The life of a traveling merchant is a lonely one, a fact with which Kraft Lawrence is well acquainted. Wandering from town to town with just his horse, cart, and whatever wares have come his way, the peddler has pretty well settled into his routine—that is, until the night Lawrence finds a wolf goddess asleep in his cart. Taking the form of a fetching girl with wolf ears and a tail, Holo has wearied of tending to harvests in the countryside and strikes up a bargain with the merchant to lend him the cunning of “Holo the Wisewolf” to increase his profits in exchange for taking her along on his travels. What kind of businessman could turn down such an offer? Lawrence soon learns, though, that having an ancient goddess as a traveling companion can be a bit of a mixed blessing. Will this wolf girl turn out to be too wild to tame

    My Grade: B-

    Direct download: Episode_200--Spice_and_Wolf_Volume_1.mp3
    Category:podcasts -- posted at: 6:40pm CDT

    Manga Review: Sorcerer Hunters Volume 9

    Manga review of Sorcerer Hunters volume 9. Art by Ray Omishi. Story by Satoru Akahori. Translated by Anita Sengupta. Originally published in Japan by Media Works. Published in US by Tokyopop, $9.99, Rated Older Teen 16+.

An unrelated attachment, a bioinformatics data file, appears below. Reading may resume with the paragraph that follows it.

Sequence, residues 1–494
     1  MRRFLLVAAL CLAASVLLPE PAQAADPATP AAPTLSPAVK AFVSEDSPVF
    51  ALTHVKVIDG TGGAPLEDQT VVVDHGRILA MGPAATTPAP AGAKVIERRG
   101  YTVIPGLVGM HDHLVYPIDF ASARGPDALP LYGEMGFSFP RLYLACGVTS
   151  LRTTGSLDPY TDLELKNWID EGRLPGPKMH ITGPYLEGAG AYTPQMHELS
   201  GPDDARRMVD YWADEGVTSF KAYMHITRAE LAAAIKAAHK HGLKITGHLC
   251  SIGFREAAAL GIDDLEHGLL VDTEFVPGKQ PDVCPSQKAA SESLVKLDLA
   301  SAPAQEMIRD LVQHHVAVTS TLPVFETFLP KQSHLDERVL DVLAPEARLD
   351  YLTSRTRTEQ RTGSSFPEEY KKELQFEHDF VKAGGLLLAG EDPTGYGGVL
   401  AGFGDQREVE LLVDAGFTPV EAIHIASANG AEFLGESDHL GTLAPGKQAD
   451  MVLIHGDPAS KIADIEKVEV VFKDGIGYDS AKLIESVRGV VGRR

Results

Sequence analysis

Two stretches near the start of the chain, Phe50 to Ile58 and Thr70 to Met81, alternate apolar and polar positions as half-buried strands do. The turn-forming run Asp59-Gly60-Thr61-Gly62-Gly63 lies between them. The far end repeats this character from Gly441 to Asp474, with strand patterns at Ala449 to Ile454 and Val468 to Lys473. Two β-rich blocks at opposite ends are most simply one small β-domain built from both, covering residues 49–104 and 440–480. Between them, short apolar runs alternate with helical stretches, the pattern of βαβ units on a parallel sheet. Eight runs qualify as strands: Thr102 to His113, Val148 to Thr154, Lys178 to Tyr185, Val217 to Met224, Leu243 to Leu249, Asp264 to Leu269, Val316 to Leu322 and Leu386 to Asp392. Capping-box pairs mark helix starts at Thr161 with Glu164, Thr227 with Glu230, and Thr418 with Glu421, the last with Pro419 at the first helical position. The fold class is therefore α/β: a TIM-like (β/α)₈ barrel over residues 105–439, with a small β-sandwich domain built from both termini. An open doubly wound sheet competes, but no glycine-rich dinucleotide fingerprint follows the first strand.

Surely, you remember Potato Chips, the rich little kid (or is he a midget?) that was always looking to hook up in love with one of the female Sorcerer Hunters. Let's face it, Potato would hook up with ANY girl! His slightly disturbing butler Jeeves has decided to cheer his young master up by holding a beauty contest. His thinking is that Potato will be able to meet chicks. Of course, the female cast of the series gets dragged into entering as well.

    The main drama of volume 9 occurs when Big Mama sends the Hunters to look into a rash of disappearing young girls in the Old West town of Tamales (Akahori really goes overboard on the names in this manga). They even know who is behind it: Marchioness Carlsburg. She's not really a threat to the Hunters though. The real danger is her ally and nephew, Lendoll, a gunfighter/sorcerer who can fire magic bullets against which there is no defense. a